Posts Tagged ‘Alice Waters’
March 2, 2012 | by Sadie Stein
I would like to take you up on your offer for free advice. Could you, as arbiters of high taste and culture, please settle a disagreement that occurred between me and my husband this morning?
He just purchased a very nice Western-style shirt by Ralph Lauren that is clearly salmon-hued (or coral). We agree on this much. The point of disagreement comes when I lazily refer to salmon as pink. He contends that salmon is much more closely related to orange. I contend that salmon/orange/pink all derive from the primary color red and so can also be thought of as pink.
Might you have any unbiased, quasi-official information in your arsenal to settle this marital spat? Our cocktail hour this evening depends on it.
Suzanne (Austin, Texas)
For starters, why does your husband object to pink in the first place? As he doubtless knows, the association of pink with femininity is a relatively modern phenomenon, and in any case, it’s the one color that can truly be said to flatter all complexions.
Those watching the pre-Oscars red carpet this past Sunday will recall that Michelle Williams’s Louis Vuitton gown spawned exactly such a discourse. (Tim Gunn, to my mind, settled the debate when he came down on the side of “coral.”) It’s a largely arbitrary determination, at the end of the day.
Since salmon is so often twinned with the word pink, I feel safe in asserting that it is, indeed, on that color spectrum. (Although the actual flesh of the fish varies greatly in hue.) However, when you claim that orange is a shade of pink, well, you’ve lost me: it’s a different color. So I think you both score points here.
(All that said, in my experience, whenever a man gets defensive about a garment’s color and trots out “Nantucket red” or “salmon,” we’re dealing with pink.)
I am heading off to the last frontier (Alaska) from the crowded metropolis of New York. What books would you recommend to enhance my journey?
When I was young, my grandfather gave me a copy of Margaret Murie’s Two in the Far North, an account of growing up in the Alaskan wilderness. I loved it. It’s an evocative portrait of a very different time in the state, and interesting in that the author and her husband went on to found the Wilderness Society. The Yiddish Policeman’s Union may bear little resemblance to anything you encounter in the actual last frontier, but it’s a good read. And a friend in Juneau recommends James Michener’s Alaska, Into the Wild, and, if you’re a mystery fan, any of Dana Stabenow's books. (Jack London goes without saying!) Read More »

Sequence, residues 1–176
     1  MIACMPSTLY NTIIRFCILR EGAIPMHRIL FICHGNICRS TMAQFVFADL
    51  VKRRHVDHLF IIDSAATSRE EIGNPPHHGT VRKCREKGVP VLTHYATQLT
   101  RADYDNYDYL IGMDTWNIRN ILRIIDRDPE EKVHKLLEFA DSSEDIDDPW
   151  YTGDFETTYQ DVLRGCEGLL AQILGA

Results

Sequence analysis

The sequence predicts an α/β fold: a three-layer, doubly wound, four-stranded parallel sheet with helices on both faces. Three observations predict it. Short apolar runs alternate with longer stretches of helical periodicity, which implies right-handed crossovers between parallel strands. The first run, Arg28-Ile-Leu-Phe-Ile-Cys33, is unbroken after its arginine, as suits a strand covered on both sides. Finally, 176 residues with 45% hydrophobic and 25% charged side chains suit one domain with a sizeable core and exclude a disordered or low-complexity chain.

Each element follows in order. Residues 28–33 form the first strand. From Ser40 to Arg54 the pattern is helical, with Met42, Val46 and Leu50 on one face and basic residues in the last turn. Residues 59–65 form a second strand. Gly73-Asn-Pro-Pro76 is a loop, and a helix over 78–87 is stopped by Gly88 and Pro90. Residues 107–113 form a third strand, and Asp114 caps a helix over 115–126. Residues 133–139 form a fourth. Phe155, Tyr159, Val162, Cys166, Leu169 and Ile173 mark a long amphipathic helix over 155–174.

January 16, 2012 | by Sadie Stein
Many people engage in dubious experimentation in their youth. Some get involved with intravenous drugs. Others sleep with problematic men. A few tattoo their faces. I, for my part, went on a spree when I was nineteen of cooking exclusively from a 1917-era cookbook.
The book, A Thousand Ways to Please a Husband (with Bettina’s Best Recipes), might sound vaguely titillating. It’s not. ATWtPaH, by Louise Bennett Weaver and Helen Cowles LeCron, is the story of Bettina and Bob’s first year of marriage. The fictional, surnameless couple, who populate a series of domestic vignettes (with menus and recipes), seems to live on the outskirts of an anonymous American city where Bob does … well, some kind of office job. It’s 1917, but apparently no need at all to mention the War. My copy is a yellow hardcover I acquired at a long-ago church sale; it’s illustrated liberally with images of mischievous chef-cupids and periodic thumbnail sketches of the newlyweds. By the time we meet the pair, on their first night in their brand-new, cozy brown bungalow, the honeymoon is over—literally.
When the happy-go-lucky Bob suggests dinner out, after they disembark from the train, he’s treated to the following:
“I’m ashamed of you! We’ll take the first car for home—a streetcar, not a taxi! Our extravagant days are over, and the time has come to show you that Bettina knows how to keep house!” Read More »
August 29, 2011 | by Patricia Curtan
This weekend marked the fortieth anniversary of Alice Waters’s Chez Panisse in Berkeley, California. I was swept into the adventure of the restaurant almost at its inception; though I had no restaurant experience, I was recruited to fill in for someone who didn’t show up for work. Alice is a dedicated Francophile, and early on she wrote out each nightly menu, in French, in her elegant calligraphy. Eventually, her devotion to France was replaced with the appreciation of California’s food and culture, and the names of growers, producers, and ingredients took prominence on the menus. Over the years, many Bay Area designers, poets, writers, calligraphers, and printers have placed their stamp on the Chez Panisse menus. I’m lucky to have been one of them. Read More »